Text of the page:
View Full Version : Bush To Push For Mass-Produced Birdflu Vaccine

10-06-2005, 10:27 PM
Bush to push for mass-produced birdflu vaccine


Thu Oct 6,10:50 AM ET

WASHINGTON (Reuters) - President George W. Bush will urge manufacturers to come up with ways to mass produce vaccines for the avian flu virus, the White House said on Thursday.

The H5N1 avian influenza virus has killed or forced the destruction of tens of millions of birds and infected more than 100 people, killing at least 60 in four Asian nations since late 2003.

Bush and other leaders fear a pandemic of the virus. He and his top advisers were to hold a meeting on Thursday about ways to combat avian flu.

White House spokesman Scott McClellan said Bush would meet on Friday with the heads of major manufacturing companies and urge them to expand the capacity to mass produce a vaccine.

He said they have expressed concerns about liability issues.

The virus has already caused losses of $10 billion to $15 billion to the global poultry industry, with the heaviest losses in Thailand, Vietnam and Indonesia.

10-06-2005, 10:29 PM
now he's actually thinking... but is this vaccine going to be a vaccine or another disease? like in africa...

10-06-2005, 10:32 PM
I don't know what to think about the Flu Pandemic... Only 60 people have died since 2003... in the grand scheme of things, that's nothing... It's almost as if it's being blown out of proportion... it has to mutate in order for it to become dangerous, and I don't think that's happened yet. Bush could be using the flu to make him look like a "leader".

10-06-2005, 10:35 PM
he could also be doing it to ensure he becomes a dictator.... someone once told me that democracy would only last for around 200 years then it would start mutating into republic then capitolism and eventually communismor socialism i can't remember i get htem all confused. what are we now/

10-06-2005, 10:36 PM

What is the risk to humans from the H5N1 virus in Asia? Updated May 24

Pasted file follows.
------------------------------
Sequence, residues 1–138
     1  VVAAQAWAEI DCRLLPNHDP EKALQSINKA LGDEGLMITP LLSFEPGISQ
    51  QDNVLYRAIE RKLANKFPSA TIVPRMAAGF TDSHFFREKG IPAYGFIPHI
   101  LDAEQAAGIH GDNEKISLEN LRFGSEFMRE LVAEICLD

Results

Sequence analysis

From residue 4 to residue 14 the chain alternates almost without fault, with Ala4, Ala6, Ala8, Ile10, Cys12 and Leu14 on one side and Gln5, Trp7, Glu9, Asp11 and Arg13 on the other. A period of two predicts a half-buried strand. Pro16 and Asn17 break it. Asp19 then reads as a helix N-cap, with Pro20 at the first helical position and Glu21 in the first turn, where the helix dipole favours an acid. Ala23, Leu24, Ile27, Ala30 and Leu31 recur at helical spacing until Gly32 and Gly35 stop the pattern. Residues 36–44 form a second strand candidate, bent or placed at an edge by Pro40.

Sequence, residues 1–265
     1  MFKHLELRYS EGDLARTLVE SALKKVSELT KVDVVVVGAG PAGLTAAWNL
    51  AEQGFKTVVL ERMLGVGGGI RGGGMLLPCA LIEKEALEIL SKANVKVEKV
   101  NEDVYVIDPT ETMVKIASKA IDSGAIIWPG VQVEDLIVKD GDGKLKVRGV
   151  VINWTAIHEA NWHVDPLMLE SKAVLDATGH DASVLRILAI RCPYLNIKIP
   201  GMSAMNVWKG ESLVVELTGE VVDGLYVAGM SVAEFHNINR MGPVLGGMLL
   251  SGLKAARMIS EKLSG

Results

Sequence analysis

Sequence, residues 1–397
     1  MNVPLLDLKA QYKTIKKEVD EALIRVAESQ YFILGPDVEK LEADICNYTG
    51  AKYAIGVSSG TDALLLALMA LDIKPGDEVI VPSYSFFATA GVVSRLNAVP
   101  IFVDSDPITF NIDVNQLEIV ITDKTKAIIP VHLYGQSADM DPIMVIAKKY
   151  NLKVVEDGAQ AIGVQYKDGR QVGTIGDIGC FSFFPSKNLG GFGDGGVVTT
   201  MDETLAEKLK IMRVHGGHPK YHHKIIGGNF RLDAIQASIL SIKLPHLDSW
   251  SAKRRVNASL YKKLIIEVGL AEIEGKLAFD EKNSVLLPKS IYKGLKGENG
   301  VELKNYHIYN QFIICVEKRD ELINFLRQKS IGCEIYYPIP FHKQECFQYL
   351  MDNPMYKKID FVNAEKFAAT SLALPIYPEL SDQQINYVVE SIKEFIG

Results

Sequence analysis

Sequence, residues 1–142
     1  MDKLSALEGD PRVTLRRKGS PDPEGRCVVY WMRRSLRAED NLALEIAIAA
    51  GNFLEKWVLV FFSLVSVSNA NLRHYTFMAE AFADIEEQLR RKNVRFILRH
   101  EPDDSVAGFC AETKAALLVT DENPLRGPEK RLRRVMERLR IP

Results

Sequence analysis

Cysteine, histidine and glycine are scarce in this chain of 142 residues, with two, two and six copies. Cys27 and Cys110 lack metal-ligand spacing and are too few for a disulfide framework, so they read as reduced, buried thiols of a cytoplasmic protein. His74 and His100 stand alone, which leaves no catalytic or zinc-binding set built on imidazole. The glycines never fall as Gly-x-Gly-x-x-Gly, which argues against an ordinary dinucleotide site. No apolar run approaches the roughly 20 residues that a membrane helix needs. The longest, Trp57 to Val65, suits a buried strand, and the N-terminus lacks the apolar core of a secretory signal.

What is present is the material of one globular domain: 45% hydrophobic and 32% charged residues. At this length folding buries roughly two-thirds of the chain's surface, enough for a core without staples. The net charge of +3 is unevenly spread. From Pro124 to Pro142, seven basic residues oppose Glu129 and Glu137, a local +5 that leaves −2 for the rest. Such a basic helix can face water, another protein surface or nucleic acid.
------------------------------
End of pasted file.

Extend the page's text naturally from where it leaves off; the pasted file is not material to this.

The H5N1 virus does not usually infect humans. In 1997, however, the first case of spread from a bird to a human was seen during an outbreak of bird flu in poultry in Hong Kong. The virus caused severe respiratory illness in 18 people, 6 of whom died. Since that time, there have been other cases of H5N1 infection among humans. Most recently, human cases of H5N1 infection have occurred in Thailand, Vietnam and Cambodia during large H5N1 outbreaks in poultry. The death rate for these reported cases has been about 50 percent. Most of these cases occurred from contact with infected poultry or contaminated surfaces; however, it is thought that a few cases of human-to-human spread of H5N1 have occurred.

So far, spread of H5N1 virus from person to person has been rare and spread has not continued beyond one person. However, because all influenza viruses have the ability to change, scientists are concerned that the H5N1 virus could one day be able to infect humans and spread easily from one person to another. Because these viruses do not commonly infect humans, there is little or no immune protection against them in the human population. If the H5N1 virus were able to infect people and spread easily from person to person, an “influenza pandemic” (worldwide outbreak of disease) could begin. No one can predict when a pandemic might occur. However, experts from around the world are watching the H5N1 situation in Asia very closely and are preparing for the possibility that the virus may begin to spread more easily and widely from person to person.

10-06-2005, 10:37 PM